Thursday, 1 December 2011

Time to chill

You have nothing to fear but fear itself Franklin Roosevelt told us. And in that spirit I have to say that little frightens me quite as much as how frightened we seem to be these days.

It’s doing us a huge amount of damage. We’re all worried sick about the Italian economy, so the fearful people with enough money to make a difference start trying to unload Italian bonds, so the yield rises, so it becomes more expensive for the Italian state to service its debts, so the economy gets worse. And yet, at root, the problem is only fear. If we all just said, ‘hey, it’s the Italians, it’s part of their charm,’ and had another glass of Barolo, the problem would be well on the way to resolution.

Exactly the same is true of terrorism. There was lots of fear last week about the fact that the passport officers would be on strike on Wednesday, opening our borders, or so it was claimed, to all sorts of sinister characters. There were calls for passport officers to lose the right to strike.

The 9/11 bombers got into the US through fully-staffed passport control checkpoints. What on earth difference did they make?  The bombers who attacked London on 7/7 2005 were born and bred in this country. They didn’t even need to go through passport control.

Besides, 7/7 cost 52 lives, and there have been no other deaths from terrorism in Britain since. Over that period, nearly 12,000 people have been killed on the roads. So if you’re concerned about saving lives, shouldn’t you start by banning cars rather than limiting the right to strike?

In any case, none of that is the point. The right to strike may be immensely irritating when it’s exercised, but it’s still a fundamental right. Before it was recognised as fundamental, we lived in societies which were significantly uglier than today’s – the occasional inconvenience seems a price well worth paying to block any move back towards those times.

I never tire of quoting Benjamin Franklin, who was bang on the money when he said ‘he who would give up a fundamental freedom for a little temporary security deserves neither freedom nor security’.

This constant striving for safety is bound to fail anyway. I recently quoted Eliza Manningham Buller, former heady of the British Security Service MI5, from her second Reith lecture of 2011. Let’s look at what she said in the third:

‘It’s important to keep a rational perspective on terrorist risk. Bin Laden must have known that 9/11 would make this especially difficult, for at least two reasons: the endless images of the horror, recycled and replayed round the clock by the 24 hour media, and the unrealistic view that society can become risk free. The world is full of risks and dangers, only some of which can be reduced.’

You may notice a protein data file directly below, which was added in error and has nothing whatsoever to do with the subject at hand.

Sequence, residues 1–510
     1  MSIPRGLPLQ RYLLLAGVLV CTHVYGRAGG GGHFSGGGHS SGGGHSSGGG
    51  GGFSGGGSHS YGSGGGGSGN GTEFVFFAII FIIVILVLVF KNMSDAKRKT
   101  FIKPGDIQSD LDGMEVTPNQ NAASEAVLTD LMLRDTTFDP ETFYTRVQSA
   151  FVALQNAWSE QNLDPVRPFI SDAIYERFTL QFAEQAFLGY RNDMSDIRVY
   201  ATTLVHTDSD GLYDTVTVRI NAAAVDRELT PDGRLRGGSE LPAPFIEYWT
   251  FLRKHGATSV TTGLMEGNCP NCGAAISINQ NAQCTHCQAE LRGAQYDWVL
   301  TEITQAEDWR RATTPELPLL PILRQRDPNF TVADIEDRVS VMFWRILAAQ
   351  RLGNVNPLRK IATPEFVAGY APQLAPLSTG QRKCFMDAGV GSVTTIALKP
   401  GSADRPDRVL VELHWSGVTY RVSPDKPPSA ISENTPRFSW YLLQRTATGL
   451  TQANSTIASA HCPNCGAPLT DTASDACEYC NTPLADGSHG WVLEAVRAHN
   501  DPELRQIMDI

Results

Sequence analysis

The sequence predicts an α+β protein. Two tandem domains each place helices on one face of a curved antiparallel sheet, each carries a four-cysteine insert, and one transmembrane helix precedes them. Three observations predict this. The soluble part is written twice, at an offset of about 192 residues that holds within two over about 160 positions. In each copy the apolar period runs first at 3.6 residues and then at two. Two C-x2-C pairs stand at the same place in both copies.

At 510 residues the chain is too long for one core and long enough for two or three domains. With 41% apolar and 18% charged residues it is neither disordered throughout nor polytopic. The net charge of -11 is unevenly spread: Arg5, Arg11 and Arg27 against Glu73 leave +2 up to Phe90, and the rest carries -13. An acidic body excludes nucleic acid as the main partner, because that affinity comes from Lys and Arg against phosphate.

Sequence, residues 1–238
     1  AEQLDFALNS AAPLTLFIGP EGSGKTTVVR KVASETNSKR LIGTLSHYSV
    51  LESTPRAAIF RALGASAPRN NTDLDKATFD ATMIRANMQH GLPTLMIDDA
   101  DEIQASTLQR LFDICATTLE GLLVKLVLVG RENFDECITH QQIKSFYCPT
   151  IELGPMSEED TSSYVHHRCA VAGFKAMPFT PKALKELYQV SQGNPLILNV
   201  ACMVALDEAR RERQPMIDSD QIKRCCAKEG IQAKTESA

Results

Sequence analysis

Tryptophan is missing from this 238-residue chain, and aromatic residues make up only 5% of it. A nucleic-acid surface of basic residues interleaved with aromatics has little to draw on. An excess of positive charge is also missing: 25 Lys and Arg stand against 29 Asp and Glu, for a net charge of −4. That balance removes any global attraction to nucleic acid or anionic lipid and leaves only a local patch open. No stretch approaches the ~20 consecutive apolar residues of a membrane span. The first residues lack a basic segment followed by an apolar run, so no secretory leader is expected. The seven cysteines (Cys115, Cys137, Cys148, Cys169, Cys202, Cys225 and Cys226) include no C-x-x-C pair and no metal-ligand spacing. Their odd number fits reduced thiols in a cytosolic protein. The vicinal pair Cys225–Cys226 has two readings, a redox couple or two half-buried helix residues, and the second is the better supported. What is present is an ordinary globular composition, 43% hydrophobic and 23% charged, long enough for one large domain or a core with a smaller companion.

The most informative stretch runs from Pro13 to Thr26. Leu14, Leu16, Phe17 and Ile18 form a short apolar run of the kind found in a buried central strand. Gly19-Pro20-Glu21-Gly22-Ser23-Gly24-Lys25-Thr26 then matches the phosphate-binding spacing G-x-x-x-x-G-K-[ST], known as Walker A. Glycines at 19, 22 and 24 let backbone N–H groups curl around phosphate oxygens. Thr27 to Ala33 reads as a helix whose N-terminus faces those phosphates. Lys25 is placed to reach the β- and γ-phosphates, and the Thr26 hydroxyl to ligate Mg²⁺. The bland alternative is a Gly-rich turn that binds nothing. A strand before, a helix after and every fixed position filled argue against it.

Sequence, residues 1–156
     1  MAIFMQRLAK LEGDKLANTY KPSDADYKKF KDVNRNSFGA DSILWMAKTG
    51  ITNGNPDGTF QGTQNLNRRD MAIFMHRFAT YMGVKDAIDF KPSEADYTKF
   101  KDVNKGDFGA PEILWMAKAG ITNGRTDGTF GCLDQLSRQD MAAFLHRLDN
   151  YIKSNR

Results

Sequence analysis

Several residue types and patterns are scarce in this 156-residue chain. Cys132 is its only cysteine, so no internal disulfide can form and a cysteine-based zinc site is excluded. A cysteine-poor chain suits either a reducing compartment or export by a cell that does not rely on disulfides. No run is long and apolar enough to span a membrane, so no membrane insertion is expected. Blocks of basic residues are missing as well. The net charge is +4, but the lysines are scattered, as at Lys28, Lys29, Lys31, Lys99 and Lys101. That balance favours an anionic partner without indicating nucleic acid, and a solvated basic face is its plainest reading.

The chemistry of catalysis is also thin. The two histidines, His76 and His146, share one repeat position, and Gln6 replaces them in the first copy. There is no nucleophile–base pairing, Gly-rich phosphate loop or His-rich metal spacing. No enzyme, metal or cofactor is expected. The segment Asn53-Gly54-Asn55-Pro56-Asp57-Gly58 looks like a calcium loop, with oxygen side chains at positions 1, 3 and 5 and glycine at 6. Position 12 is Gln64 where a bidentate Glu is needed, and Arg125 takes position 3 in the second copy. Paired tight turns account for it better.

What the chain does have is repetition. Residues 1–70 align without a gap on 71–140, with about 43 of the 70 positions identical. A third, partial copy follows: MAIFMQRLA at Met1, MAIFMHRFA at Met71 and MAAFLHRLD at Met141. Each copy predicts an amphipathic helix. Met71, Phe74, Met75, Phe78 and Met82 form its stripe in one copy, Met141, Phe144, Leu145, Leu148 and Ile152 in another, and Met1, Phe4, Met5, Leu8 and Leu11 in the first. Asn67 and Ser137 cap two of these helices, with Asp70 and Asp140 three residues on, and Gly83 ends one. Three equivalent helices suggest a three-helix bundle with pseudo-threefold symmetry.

That’s right. Anyone who wants to live in a risk-free world shouldn’t be in this world at all.

So if you’re scared about terrorism, just remember it’s extremely unlikely to affect you. Worried about car crashes? Don't, you're probably not going to be involved in one. As for anxiety about the Euro, bear in mind that stoking up the general sense of panic may make the very thing you fear more likely.

Not perhaps an answer to our woes,
but a great palliative
So my advice? Relax. Chill. Open that bottle of Barolo and set about emptying it. You may do the Italian economy some good, and yourself a lot more.


Keith said...

Excellent piece David - couldn't agree more.

I have to admit that I rarely listen to the news these days. Most of the stories are sensationalised out of all proportion in order to 'attract' viewers to the channel/paper in question.

News media are competing for viewers/readers like any other entertainment media, and nothing sells papers or gets people to tune-in like an impending disaster. Call me a cynic…

David Beeson said...

Excellent point - the contribution of the news media to making things worse really needs stressing too - and it's another vicious cycle: the worse it gets, the more sensational articles they can publish, and the worse that makes things...